She is co-director of the University’s Center for Early Childhood Research, co-principal investigator of the National Science Foundation’s Spatial Intelligence and Learning Center, and she has served as chair of psychology and as a member of the National Academies of Sciences Early Childhood Mathematics Committee.

Levine also serves on the board of Chapin Hall, which conducts policy research that benefits children, families and their communities, and on the board of the UChicago Laboratory Schools. She formerly consulted on early math for the PBS program “Sesame Street.”

Levine is a fellow of the Association for Psychological Science and of the American Association for the Advancement of Science.

Levine has been a faculty member at UChicago since 1976.


Sociologist John Levi Martin, who has published work on social network analysis, the use of algebraic models for the analysis of dichotomous data and political psychology, has been named the first Florence Borchert Bartling Professor in Sociology and the College. 

Martin’s publications include two books, both of which received the Theory Prize for Outstanding Book from the American Sociological Association’s Section on Theory. In The Explanation of Social Action, he critiques the conventional understanding of what it means to “explain” something in the social sciences.

His Social Structures brought together recent findings in sociology, anthropology, political science and history to trace how sets of interpersonal relationships become ordered into various structural forms. The book describes a range of social structures, from families and street gangs to communes and nation-states.

He is currently doing research on the role of aesthetics and judgment in neo-Kantian sociological theory.

Martin has held previous faculty positions at the University of California, Berkeley; the University of Wisconsin, Madison; and Rutgers University.  He joined the UChicago faculty in 2009.

Physical Sciences Division


Physicist and mathematician Gregory Lawler, a specialist in probability and stochastic processes and in statistical physics, has been named the George Wells Beadle Distinguished Service Professor in Mathematics, Statistics and the College.

He is the author or co-author of six books: Intersections of Random Walks; Introduction to Stochastic Processes; Lectures on Contemporary Probability; Conformally Invariant Processes in the Plane; Random Walk: A Modern Introduction; and Random Walk and the Heat Equation.

Lawler is a member of the National Academy of Sciences and a fellow of the American Academy of Arts and Sciences, the American Mathematical Society, the Alfred P. Sloan Foundation, and the Institute of Mathematical Statistics. Lawler also is a co-recipient of the George Pólya Prize from the Society for Industrial and Applied Mathematics.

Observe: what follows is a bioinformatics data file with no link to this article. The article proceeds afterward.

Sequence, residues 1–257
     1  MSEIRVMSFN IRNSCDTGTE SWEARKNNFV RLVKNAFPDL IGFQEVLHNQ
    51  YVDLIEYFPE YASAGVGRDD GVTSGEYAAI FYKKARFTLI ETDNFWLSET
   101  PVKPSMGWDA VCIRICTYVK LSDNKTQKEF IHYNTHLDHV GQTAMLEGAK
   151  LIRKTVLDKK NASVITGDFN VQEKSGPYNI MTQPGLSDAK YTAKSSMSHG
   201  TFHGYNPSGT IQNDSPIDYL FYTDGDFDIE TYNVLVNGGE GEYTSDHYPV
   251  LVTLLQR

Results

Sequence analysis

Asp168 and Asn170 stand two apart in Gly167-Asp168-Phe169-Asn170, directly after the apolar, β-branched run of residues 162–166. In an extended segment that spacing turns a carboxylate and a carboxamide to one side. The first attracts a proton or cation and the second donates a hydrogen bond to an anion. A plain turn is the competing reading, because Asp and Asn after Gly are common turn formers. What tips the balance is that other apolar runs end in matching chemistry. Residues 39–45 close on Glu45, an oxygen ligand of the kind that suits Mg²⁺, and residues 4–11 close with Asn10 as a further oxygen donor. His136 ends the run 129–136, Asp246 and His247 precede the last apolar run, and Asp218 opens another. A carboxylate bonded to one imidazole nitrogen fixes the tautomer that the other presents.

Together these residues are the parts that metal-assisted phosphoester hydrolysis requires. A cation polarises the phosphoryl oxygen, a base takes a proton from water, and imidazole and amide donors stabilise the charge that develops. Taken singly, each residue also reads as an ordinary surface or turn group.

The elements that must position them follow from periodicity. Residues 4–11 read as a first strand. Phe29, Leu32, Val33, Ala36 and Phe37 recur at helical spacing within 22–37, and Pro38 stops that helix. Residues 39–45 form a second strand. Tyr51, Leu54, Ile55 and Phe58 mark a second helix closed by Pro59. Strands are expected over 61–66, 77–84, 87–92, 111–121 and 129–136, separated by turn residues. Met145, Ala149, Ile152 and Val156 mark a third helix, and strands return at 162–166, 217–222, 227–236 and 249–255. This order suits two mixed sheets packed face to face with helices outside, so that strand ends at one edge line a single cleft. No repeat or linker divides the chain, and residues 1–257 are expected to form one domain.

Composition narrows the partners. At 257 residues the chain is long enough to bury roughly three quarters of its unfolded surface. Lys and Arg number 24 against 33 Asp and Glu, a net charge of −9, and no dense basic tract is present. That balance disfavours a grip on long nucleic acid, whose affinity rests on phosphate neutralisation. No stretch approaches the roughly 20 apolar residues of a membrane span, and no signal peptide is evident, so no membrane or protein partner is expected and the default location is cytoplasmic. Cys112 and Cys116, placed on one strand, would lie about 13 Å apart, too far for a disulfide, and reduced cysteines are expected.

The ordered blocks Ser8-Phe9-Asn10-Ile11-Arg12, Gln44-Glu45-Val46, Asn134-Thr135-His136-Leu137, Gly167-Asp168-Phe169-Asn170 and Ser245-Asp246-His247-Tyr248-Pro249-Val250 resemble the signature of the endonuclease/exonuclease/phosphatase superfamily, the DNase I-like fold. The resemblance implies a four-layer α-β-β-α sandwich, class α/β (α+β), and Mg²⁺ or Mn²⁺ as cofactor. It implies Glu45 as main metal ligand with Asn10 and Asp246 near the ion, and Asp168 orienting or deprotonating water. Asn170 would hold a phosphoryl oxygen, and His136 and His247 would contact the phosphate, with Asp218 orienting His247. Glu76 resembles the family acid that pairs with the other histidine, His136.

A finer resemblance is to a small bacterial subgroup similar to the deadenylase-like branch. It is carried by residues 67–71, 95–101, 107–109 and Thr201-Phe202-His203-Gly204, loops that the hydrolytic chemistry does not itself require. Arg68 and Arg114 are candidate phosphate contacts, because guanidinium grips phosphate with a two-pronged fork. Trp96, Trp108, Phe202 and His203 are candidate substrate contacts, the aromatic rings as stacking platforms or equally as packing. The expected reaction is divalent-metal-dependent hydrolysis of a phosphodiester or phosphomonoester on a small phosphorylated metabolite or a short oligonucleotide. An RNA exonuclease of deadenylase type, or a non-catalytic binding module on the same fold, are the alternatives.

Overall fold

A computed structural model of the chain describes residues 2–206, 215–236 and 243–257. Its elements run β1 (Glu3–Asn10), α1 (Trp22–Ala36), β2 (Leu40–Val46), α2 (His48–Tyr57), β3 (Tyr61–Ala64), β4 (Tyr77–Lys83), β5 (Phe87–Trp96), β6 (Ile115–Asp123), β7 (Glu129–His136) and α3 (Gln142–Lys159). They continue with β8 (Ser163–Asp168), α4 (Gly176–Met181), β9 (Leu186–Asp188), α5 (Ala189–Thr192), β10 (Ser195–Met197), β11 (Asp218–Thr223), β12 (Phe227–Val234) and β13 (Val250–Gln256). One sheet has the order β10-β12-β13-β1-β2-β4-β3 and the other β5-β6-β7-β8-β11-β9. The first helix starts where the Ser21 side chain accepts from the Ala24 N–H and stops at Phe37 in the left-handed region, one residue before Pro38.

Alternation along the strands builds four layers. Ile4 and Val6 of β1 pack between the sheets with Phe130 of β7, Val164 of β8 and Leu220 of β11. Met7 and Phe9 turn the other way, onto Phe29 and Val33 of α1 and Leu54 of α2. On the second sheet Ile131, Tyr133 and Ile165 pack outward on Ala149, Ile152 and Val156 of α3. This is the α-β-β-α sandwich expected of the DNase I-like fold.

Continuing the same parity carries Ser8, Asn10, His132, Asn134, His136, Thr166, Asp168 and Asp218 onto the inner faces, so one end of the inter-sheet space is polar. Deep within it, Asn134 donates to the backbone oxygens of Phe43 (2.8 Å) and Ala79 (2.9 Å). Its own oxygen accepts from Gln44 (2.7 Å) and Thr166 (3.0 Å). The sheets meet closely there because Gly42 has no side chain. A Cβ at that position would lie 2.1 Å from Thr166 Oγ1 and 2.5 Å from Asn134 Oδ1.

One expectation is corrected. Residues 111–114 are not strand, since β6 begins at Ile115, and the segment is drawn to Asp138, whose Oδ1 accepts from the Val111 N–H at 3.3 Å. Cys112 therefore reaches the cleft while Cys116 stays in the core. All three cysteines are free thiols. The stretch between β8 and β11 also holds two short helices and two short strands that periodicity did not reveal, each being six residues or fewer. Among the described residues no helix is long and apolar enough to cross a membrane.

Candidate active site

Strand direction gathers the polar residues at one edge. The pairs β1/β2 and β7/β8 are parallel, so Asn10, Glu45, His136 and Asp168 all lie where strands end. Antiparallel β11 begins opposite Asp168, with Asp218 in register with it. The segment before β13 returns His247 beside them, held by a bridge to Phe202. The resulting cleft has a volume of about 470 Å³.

He served as editor-in-chief of the Annals of Probability from 2006 to 2008 and was an editor of the Journal of the American Mathematical Society from 2009 to 2013. He co-founded the Electronic Journal of Probability in 1995 and served as its co-editor until 1999.

Lawler joined the UChicago faculty in 2006, after teaching at Cornell University. He also has been a faculty member at Duke University.


Chemical scientist Wenbin Lin, who designs new materials for applications in catalysis, molecular sensing and nanomedicine, has been appointed the James Franck Professor in Chemistry and the College.

Some of Lin’s recent work has involved the construction of hybrid solids from molecular building blocks for wide-ranging applications in sustainability and human health. He has used this approach to prepare materials for solar-energy applications.

Lin also is attempting to apply these molecular materials at nanoscale levels for applications in biomedical imaging and anticancer therapy. This work includes the development of a new type of nanoparticle that shows potential for more effective delivery of chemotherapy.

Lin is a fellow of the American Association for the Advancement of Science. He appeared on various “top scientists” lists, which are based on citations per article, from 1999 to 2010.

Other honors include the Camille Dreyfus Teacher-Scholar Award, the Arnold and Mabel Beckman Young Investigator Award, the Research Corporation Cottrell Scholar Award, an Alfred P. Sloan Research Fellowship, and a National Science Foundation CAREER Award.

Lin previously was the Kenan distinguished professor of chemistry and pharmacy at the University of North Carolina at Chapel Hill, where he had served on the faculty since 2001.

He joined the UChicago faculty on June 1.